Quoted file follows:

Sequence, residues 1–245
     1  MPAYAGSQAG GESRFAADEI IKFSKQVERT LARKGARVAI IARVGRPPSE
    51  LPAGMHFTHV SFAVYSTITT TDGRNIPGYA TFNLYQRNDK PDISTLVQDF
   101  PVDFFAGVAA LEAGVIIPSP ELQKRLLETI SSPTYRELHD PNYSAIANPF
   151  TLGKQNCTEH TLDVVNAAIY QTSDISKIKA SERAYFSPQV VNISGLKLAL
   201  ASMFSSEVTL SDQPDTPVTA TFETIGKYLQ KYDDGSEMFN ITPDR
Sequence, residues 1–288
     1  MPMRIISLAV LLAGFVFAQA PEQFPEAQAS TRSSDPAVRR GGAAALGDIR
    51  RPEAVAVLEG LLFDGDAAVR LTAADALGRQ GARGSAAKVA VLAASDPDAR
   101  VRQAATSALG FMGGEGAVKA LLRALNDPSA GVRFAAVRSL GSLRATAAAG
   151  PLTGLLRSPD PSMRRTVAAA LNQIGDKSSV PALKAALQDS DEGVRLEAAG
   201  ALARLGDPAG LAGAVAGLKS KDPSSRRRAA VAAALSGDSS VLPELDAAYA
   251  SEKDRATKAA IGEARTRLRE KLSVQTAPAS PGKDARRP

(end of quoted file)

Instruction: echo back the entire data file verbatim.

Sequence, residues 1–245
     1  MPAYAGSQAG GESRFAADEI IKFSKQVERT LARKGARVAI IARVGRPPSE
    51  LPAGMHFTHV SFAVYSTITT TDGRNIPGYA TFNLYQRNDK PDISTLVQDF
   101  PVDFFAGVAA LEAGVIIPSP ELQKRLLETI SSPTYRELHD PNYSAIANPF
   151  TLGKQNCTEH TLDVVNAAIY QTSDISKIKA SERAYFSPQV VNISGLKLAL
   201  ASMFSSEVTL SDQPDTPVTA TFETIGKYLQ KYDDGSEMFN ITPDR
Sequence, residues 1–288
     1  MPMRIISLAV LLAGFVFAQA PEQFPEAQAS TRSSDPAVRR GGAAALGDIR
    51  RPEAVAVLEG LLFDGDAAVR LTAADALGRQ GARGSAAKVA VLAASDPDAR
   101  VRQAATSALG FMGGEGAVKA LLRALNDPSA GVRFAAVRSL GSLRATAAAG
   151  PLTGLLRSPD PSMRRTVAAA LNQIGDKSSV PALKAALQDS DEGVRLEAAG
   201  ALARLGDPAG LAGAVAGLKS KDPSSRRRAA VAAALSGDSS VLPELDAAYA
   251  SEKDRATKAA IGEARTRLRE KLSVQTAPAS PGKDARRP